For Aussie ultra-marathon runner, Patrick Francis Daniel "Pat" Farmer, Kashmir is a place that every person on this planet should visit to see its magnificence and beauty.
Farmer who was recently in the town, in an exclusive chat with Greater Kashmir praises the Valley in his beautiful words thus: To come through the tunnel from Jammu into the Valley of Kashmir, to look back on the snow-capped mountains against the backdrop of Srinagar lake and to find myself here at the finishing point of my run amongst the most magnificent tulips, botanical gardens, superb landscape, it is absolutely magnificent and it is a highlight to my career.
Farmer, a motivational speaker, who has combined his passion and love for run and for humanity, has a word for Government of Jammu and Kashmir: he believes this place can best be promoted for health and sports tourism.
"Well I think tourism is often seen as an opportunity for people to travel, to look at the landscape, to buy some dinner, etc, etc. But tourism is so much more than that," he says.
Farmer calls tourism an opportunity. "There are opportunities from medical tourism. I see this (Kashmir) as a wonderful place to come over here at an affordable price." He suggests that some of the best surgeons of the world can be motivated to come over here to have various surgeries needed from time to time to people all over the world. "You have a pristine environment to recover. So medical tourism is one aspect I think the Government here in Kashmir could certainly look into it and invest in and expand."
Secondly, Farmer believes that Kashmir has huge potential for sports tourism. "You already have wonderful ski fields . . . you need investments in events so that you can bring people in this area."
Farmer with his running career spanning more than 35 years has travelled across the world. He has successfully completed the world's longest ultra-marathon, a "Pole to Pole Run" from the North Pole to the South Pole. But he believes that every person on this planet should see the magnificence and beauty of Kashmir.
On adverse travel advisories issued by some European countries against Kashmir, he says: "These travel advisories have been put in place by various departments of each of the governments . . . but at the end of the day it comes down to the individual's decision whether they believe that the place is safe or not.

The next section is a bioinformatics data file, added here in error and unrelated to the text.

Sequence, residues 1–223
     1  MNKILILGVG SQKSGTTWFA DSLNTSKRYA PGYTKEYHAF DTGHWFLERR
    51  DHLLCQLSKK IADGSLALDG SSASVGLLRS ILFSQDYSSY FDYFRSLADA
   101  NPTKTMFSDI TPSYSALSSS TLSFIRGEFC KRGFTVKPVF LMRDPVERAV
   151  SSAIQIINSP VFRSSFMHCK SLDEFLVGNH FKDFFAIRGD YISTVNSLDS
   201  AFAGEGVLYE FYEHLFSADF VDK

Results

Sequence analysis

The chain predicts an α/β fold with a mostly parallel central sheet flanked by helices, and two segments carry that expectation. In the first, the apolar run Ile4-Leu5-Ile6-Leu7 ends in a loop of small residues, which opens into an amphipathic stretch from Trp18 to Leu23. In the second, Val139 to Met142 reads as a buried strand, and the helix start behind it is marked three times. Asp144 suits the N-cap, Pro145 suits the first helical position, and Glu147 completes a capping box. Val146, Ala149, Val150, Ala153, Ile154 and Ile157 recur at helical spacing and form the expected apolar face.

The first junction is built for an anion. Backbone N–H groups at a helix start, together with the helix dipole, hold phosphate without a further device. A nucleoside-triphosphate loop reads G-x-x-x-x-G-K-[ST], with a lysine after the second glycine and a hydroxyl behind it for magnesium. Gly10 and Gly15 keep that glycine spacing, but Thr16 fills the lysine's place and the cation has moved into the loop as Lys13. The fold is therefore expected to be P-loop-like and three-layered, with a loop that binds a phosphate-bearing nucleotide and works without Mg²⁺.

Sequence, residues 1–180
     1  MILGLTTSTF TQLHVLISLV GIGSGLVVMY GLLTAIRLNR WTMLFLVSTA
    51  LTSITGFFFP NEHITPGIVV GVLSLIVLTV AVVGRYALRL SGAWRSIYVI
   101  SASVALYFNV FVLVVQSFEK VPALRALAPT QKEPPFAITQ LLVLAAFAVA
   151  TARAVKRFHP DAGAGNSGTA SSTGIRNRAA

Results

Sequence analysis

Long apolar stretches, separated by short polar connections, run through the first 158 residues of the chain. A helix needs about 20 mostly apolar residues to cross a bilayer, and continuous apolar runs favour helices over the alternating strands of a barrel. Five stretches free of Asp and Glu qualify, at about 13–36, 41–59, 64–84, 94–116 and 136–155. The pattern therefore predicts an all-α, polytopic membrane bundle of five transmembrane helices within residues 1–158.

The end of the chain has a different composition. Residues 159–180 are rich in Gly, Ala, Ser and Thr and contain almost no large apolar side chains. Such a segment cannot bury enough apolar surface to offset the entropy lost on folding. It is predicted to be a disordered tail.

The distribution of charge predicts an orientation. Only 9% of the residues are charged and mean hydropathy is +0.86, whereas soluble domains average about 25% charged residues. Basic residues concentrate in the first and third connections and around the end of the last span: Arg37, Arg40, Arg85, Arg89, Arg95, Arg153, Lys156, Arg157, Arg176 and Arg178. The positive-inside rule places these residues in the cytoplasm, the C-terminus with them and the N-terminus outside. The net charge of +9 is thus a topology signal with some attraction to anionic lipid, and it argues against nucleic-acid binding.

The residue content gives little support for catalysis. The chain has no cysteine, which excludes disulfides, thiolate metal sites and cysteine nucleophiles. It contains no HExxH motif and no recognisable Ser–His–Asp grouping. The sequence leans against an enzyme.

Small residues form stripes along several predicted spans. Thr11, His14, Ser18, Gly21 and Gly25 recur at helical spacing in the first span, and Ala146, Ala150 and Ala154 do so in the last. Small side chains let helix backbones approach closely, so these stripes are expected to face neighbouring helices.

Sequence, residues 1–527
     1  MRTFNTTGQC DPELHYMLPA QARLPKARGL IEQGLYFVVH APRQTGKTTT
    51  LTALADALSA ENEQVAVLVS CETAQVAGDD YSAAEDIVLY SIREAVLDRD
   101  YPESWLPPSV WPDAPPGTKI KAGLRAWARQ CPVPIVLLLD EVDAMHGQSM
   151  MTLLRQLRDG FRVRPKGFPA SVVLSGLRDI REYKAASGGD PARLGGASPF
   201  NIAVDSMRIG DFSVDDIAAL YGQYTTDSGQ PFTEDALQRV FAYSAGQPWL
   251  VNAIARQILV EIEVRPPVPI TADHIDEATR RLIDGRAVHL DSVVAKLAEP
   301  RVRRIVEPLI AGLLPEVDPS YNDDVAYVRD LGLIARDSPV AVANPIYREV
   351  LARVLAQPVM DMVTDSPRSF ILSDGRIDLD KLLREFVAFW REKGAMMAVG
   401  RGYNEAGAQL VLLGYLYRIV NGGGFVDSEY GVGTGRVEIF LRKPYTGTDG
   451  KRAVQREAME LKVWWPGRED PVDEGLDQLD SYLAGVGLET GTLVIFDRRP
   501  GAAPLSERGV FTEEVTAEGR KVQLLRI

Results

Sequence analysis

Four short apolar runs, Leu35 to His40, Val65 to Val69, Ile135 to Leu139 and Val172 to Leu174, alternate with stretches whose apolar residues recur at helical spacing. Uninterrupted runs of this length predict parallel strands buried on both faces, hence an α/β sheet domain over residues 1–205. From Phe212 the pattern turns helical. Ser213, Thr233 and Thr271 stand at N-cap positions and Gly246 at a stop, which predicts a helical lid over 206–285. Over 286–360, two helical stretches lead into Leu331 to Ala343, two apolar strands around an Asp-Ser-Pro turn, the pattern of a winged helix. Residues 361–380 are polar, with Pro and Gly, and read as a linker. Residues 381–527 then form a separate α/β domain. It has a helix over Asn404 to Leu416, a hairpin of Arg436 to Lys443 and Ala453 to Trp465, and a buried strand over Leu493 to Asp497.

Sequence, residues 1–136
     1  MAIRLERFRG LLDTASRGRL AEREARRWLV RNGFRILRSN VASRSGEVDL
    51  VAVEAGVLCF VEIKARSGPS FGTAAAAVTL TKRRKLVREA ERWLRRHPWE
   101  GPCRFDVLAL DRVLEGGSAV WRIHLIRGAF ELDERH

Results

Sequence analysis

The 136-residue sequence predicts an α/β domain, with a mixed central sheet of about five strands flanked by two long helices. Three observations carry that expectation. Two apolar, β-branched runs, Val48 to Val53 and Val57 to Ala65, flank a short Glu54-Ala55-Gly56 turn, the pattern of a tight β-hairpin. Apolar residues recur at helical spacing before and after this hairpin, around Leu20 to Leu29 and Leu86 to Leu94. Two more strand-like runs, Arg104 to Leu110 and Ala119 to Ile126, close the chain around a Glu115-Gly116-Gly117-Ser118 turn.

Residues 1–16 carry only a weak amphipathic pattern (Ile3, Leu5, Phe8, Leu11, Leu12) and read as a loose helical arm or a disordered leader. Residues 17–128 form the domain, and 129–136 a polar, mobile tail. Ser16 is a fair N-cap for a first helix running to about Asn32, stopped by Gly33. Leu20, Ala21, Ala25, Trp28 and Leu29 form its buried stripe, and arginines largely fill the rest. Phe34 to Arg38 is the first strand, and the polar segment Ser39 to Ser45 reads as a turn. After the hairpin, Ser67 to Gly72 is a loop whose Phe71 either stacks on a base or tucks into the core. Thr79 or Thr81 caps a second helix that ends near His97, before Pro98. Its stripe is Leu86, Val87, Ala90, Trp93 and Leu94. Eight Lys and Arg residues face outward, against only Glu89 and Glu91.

"There is no country in the planet where there is no crime. Back home in Sydney, which is my home town, people get robbed, murdered. Things go wrong. There is not a European city or town where there is not crime in one or the other degree. So I think the people need to look at things in that context."
About his experience to visit Kashmir where he came running 4600 kms from Kanyakumari under 'Spirit of India'— part of Incredible India campaign, he says: "All that I can say is what I have seen firsthand. I have never ever throughout this journey from Kanyakumari to Kashmir felt any fear whatsoever from anything other than perhaps the traffic. And, there are traffic problems all over the world."
Farmer has a mission: He says once back to his country, "the first thing I will do is to meet the prime minister, minister for trade and the minister for foreign affairs at Canberra. I will make them very clear what I have seen. I would advise all travellers to do the same to write to their parliament members to let them know their experience of visiting Kashmir. Then of course it is up to the government of Kashmir and then the federal government to make sure that this is a safe environment for everybody."
Farmer believes that governments (who have imposed travel advisories on Kashmir) certainly need to reassess their thoughts on Kashmir because "from what I have seen it is really a magnificent place, and it is an opportunity for the people to experience what this place has to offer— its pristine lakes, magnificent ski resorts, landscape and of course spring time atmosphere, tulip gardens, flowers and not to mention the shopping that is available on the outskirts of the city as well.
Farmer says he would be more than happy to work with the government on a running program. "It may be a marathon along the two lakes of Kashmir. Run festivals could be held here. These concepts would attract the audiences."
About the bad perception that Kashmir, many believe, has got over the years in the minds of many people in India and abroad, he responds: "I can say for myself, for what I have seen. I have seen this is a magnificent, beautiful and friendly place that I would have no hesitation in sending my children, their friends, myself and anyone of my family for holidays to. And, I will definitely return back to this place."
"Another point that I would like to make is that the greatest way to advertise and promote the areas is through a third party endorsement so that they get people here. And once the people who come here will see this place they will talk to their friends about this place.
On his return from Kashmir, Farmer says he has a plan to get the film over his journey under 'Spirit of India' developed. "Throughout this journey, we have been filming from the very first step that we have taken into this point so far. We will do a series of screening of this film in Australia and of course in India."
About the film he explains: "It is more than a documentary. It is the Spirit of India. A documentary is just like a photograph of an area. But this is a film not only showing the picture of what the person is saying but also his feelings, his emotions, smells, and that is the spirit of India."